New York Times reviewer Michiko Kakutani rips into Susan Faludi's The Terror Dream, a book, she explains, that takes the "momentous subject of 9/11 and come to the conclusion that it led to…an assault on the freedom and independence of American women." Kakutani opens:
This, sadly, is the sort of tendentious, self-important, sloppily reasoned book that gives feminism a bad name.
She pooh-poohs Faludi's premise that 9/11 has led to the "disappearance of female voices" from the public debate:
To begin with, the reader wants to ask: What disappearance of female voices? What "bugle call" to "return to Betty Crocker domesticity?" Since 9/11, Hillary Rodham Clinton has become the leading Democratic contender in the race for the White House, with a good chance of becoming the first female president in history; Katie Couric was named anchor of the CBS Evening News; and women like Lara Logan of CBS and Martha Raddatz of ABC have been reporting from the frontlines of the war in Iraq.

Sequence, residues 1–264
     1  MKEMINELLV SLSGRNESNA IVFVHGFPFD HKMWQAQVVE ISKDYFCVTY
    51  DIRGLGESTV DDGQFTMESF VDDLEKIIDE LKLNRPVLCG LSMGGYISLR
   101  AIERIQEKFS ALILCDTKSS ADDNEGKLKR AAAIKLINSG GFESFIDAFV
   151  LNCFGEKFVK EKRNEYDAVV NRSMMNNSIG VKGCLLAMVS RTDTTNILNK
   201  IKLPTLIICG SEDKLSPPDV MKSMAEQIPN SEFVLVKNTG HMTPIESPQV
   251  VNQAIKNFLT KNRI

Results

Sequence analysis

Kakutani twists the knife in the concluding paragraph:
Such errors of logic are typical of this ill-conceived and poorly executed book—a book that stands as one of the more nonsensical volumes yet published about the aftermath of 9/11.
Full review here.